We would just provide multiple names for a check where currently only one is allowed.

What i am thinking of is going into this direction, its not a formal proposal :slight_smile:

To clarify what I would like to propose:

Such a change would mean, that sections like readability, modernize, performance, ... still exist standalone as well as especially for a guideline implemented checks like cppcoreguideline-owning-memory. But when running clang-tidy to enforce a guideline, clang-tidy would directly activate all checks necessary to do so, even if there is no alias in the related module.

I think there should be 2 parallel things: ‘checks’ and ‘guidelines’.

A ‘guideline’ is a collection of different checks and can combine different domains.
For example, a ‘cppcoreguidelines’-guideline consists of modernize-use-auto,cppcoreguidelines-owning-memory,.... Therefor i think a ‘guideline’ is equivalent to a custom put together configuration file.

‘checks’ on the other hand remain the same, the actual code to analyze, diagnose and maybe fix code.

For the user the interface would be like this:
clang-tidy -checks=cppcoreguidelines-* # the rest = enable all checks that are directly implemented for the cppcoreguidelines (e.g. owning-memory)
clang-tidy -guidelines=cppcoreguideline # the rest = enable all checks that are necessary to enforce the cppcoreguidelines (e.g. use-auto and owning-memory)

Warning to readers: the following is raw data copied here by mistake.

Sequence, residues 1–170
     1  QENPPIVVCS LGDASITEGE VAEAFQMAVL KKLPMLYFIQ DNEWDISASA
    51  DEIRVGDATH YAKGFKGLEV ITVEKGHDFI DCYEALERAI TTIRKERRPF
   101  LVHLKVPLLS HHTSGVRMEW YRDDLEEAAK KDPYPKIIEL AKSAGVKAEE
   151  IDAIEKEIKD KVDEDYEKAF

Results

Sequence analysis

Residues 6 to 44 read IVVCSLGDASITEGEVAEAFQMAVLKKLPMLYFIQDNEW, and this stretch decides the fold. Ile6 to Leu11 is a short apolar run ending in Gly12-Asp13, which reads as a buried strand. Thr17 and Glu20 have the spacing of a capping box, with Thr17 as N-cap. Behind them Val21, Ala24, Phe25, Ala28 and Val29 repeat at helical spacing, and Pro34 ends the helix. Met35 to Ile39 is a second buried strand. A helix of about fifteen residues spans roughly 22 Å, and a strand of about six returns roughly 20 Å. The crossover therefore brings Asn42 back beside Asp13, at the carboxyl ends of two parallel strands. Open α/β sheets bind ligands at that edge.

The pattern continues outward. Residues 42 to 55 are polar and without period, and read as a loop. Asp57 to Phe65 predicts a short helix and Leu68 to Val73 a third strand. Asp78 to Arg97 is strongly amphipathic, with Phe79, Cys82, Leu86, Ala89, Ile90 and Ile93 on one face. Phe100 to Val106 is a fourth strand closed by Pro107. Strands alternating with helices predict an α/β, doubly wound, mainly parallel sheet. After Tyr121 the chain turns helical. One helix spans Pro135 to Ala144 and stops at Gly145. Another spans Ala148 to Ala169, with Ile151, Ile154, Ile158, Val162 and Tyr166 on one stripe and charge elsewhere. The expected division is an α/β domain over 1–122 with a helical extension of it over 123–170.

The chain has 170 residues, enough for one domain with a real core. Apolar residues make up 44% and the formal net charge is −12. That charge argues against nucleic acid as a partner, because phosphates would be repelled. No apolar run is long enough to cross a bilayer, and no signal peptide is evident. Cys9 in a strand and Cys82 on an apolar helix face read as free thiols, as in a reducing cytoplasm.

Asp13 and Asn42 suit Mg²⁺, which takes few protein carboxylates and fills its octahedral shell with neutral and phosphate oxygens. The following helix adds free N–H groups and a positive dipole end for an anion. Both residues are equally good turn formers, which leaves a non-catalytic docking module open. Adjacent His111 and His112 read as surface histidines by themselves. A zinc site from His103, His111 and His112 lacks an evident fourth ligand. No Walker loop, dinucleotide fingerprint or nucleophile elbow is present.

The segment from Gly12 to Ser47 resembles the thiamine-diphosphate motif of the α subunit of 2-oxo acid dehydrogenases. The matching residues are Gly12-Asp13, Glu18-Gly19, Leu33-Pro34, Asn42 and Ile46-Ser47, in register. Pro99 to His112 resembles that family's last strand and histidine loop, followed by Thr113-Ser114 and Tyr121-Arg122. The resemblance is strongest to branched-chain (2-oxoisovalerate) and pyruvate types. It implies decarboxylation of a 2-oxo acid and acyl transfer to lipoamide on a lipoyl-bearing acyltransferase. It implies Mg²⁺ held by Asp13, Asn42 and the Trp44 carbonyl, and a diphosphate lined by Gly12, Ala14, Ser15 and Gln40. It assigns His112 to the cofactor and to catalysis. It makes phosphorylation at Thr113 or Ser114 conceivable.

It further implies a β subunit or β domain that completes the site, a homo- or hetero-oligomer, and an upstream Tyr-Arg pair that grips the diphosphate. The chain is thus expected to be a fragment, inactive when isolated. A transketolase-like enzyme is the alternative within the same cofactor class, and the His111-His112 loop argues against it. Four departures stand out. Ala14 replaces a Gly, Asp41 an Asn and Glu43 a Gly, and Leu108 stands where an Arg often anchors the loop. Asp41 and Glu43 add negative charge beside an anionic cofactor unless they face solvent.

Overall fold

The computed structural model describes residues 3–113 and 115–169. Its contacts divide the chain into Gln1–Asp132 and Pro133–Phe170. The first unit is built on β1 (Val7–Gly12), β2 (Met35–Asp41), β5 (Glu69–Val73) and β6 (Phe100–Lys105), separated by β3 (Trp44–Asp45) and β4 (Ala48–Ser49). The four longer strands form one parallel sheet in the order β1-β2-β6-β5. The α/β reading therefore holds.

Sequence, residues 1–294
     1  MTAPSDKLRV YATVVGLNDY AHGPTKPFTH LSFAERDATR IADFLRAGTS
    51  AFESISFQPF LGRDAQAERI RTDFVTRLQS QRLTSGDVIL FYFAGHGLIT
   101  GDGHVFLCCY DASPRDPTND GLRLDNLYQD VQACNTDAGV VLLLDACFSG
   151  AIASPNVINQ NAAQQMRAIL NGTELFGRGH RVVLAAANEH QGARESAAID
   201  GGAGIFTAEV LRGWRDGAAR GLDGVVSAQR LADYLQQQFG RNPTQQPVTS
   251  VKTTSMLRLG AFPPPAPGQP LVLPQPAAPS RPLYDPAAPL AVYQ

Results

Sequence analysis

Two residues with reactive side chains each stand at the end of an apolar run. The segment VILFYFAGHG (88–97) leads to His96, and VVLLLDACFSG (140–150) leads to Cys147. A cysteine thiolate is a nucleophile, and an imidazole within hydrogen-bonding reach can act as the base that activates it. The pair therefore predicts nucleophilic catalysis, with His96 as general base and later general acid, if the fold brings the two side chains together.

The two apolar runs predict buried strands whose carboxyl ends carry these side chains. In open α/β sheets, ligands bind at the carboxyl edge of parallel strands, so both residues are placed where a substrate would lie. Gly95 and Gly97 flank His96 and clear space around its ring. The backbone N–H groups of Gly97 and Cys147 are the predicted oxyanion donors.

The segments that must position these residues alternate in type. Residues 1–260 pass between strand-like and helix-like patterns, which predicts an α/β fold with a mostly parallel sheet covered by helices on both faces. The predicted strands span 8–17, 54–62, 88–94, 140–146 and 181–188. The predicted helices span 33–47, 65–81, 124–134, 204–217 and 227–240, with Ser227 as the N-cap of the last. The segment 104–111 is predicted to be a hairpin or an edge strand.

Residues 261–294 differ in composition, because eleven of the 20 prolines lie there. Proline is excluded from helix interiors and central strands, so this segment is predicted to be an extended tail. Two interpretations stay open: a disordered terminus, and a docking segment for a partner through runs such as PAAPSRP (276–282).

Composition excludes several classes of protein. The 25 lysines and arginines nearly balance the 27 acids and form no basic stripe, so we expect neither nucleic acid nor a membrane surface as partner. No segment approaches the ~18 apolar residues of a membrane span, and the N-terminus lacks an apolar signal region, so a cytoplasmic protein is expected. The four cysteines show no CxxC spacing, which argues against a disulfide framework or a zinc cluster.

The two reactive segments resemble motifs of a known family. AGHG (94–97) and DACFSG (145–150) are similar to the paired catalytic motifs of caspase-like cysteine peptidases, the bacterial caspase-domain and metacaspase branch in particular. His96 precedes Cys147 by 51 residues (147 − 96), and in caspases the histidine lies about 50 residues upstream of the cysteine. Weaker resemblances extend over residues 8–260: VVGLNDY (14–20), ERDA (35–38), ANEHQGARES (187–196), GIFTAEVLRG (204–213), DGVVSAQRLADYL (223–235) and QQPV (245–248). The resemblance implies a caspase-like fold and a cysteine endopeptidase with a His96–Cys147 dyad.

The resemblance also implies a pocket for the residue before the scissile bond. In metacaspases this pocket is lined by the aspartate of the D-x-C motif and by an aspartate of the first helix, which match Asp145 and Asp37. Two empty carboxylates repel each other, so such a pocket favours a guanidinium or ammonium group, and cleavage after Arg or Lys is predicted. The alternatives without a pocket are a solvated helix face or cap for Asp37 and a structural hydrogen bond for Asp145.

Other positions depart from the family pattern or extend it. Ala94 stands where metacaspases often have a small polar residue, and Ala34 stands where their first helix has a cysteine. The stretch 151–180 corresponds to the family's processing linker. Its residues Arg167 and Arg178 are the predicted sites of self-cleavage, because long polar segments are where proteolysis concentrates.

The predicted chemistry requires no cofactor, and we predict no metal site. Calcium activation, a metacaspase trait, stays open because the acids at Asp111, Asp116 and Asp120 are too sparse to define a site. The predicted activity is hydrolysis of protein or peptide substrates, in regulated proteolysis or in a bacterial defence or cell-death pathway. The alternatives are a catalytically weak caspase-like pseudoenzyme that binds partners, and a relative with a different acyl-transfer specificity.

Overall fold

clang-tidy -guidelines=hicpp,cert # the rest = enable everything to ensure cert and hicpp compliance

Given, that there are currently almost no aliases in clang-5 (only some of the hicpp-* aliases land there) we could just ignore the existing aliases and treat them like normal checks. There shouldn’t be many clashes with ‘guidelines’ activating them.

The benefits are still:

  • Aliases are ugly to handle from our side
  • the source of warnings is not too obvious and it might occur that the warnings are once reported as hicpp-use-auto and modernize-use-auto
  • bad documentation, there is no high level view (50% of the guideline is implemented, see here for general advice and so on) like a status page
  • do not scale well. Having to maintain and keep track of potentially hundreds of aliases is harder for the current form

One current approximation for that approach would be custom delivered configuration files, that would be activated by the -guidelines - flag.
I would be happy to deliver these for hicpp and cppcoreguidelines, since i have done these pretty much already to get an overview of whats already implemented.